DIRECTED BY: Edward McHenry, Rory McHenry
FEATURING: Voices of Ewan McGregor, Timothy Spall, Rosamund Pike, Richard E. Grant
PLOT: British farmers unite with Churchill and Scotsmen to repel Nazis who invade London by
tunneling under the English Channel.
WHY IT WON’T MAKE THE LIST: The idea of an absurd Nazi invasion of England acted out by children’s toys is odd and appealing, but the premise is undercooked, and never hits either the weird or (more importantly) the comic notes that it should.
COMMENTS: Hitler in a dress! That should be funny, right? It could be either a great punchline, or the beginning of a running series of gags that see (for example) der Führer more concerned with what’s going on with his hemlines than with developments on the front lines. But Hitler’s transvestite cameo is emblematic of the problem with Jackboots. The joke is never developed; the movie just trots out the dictator dressed as the Queen of England, with a pearl-handled Luger, and expects us to laugh. Although the occasional amusing one-liner slips through the fog of war (usually delivered by Timothy Spall in his dead-on Churchill impression), for the most part Jackboots‘ quips don’t exactly stomp on your funny bone. They’re sparse, as well. A lot of time is devoted to chuckle-free dramatic scenes between big-handed farmhand turned soldier Chris (McGregor), his lady-love Daisy (Pike), and her disapproving Vicar father (Grant), as well as to intricate battles between plastic Panzers and Punjabi guards that—considering they’re enacted with toy tanks fighting Ken dolls in turbans—are more thrilling than expected. Jackboots is part WWII movie parody (with a roughneck American pilot who thinks the Nazis are Commies), part clever historical references (the defeated Brits retreat to Hadrian’s Wall, and the Germans are fearful of pursuing where even the Romans dared not go), and part pure silliness (a Braveheart spoof takes up a large part of the last act). There is a running undercurrent of mock-prejudice against the Scottish (who are depicted as cannibals in skirts) that must be funnier to U.K. residents than to those in the U.S. and elsewhere—at least, I hope it is; otherwise, it’s just another Jackboots comic misfire. The movie manages to be unique without ever finding its own voice, which makes it interesting without ever being engaging. Mainstreamers hoping for a script with the sly gross-out humor of Team America or the pop-culture savvy of TV’s “Robot Chicken” (which uses the same action-figure aesthetic as Jackboots) will be disappointed, if not angry and frustrated, by the oblique comedy on display here. But even if it’s not riotously funny, little touches like a ghoulish pig-nosed Goebbels, a cat who looks like Hitler, puppet gore, and an attack vanguard of bazooka-wielding Nazi dominatrices in black lipstick should be enough to keep weirdophiles watching to the end.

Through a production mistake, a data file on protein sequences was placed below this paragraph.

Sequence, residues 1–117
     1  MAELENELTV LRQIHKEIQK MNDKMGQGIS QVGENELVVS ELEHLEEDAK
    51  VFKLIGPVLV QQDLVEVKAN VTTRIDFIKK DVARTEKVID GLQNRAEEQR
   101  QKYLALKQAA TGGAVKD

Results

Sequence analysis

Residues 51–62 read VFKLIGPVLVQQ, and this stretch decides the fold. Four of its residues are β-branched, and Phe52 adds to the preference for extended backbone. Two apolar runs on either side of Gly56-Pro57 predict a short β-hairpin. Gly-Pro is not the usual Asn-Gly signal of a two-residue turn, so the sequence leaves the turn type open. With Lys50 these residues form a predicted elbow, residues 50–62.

Though the end result is mediocre, Jackboots‘ crazy synopsis managed to attract top-notch cult British acting talent. Besides McGregor, Pike, Spall and Grant, the voiceover cast includes Alan Cumming (as Hitler), Tom Wilkinson (as Goebbels), and Richard O’Brien (as Himmler).
WHAT THE CRITICS SAY:
“…for sheer oddity value… must rank as some kind of collector’s item.”–Henry Fitzherbert, Daily Express (contemporaneous)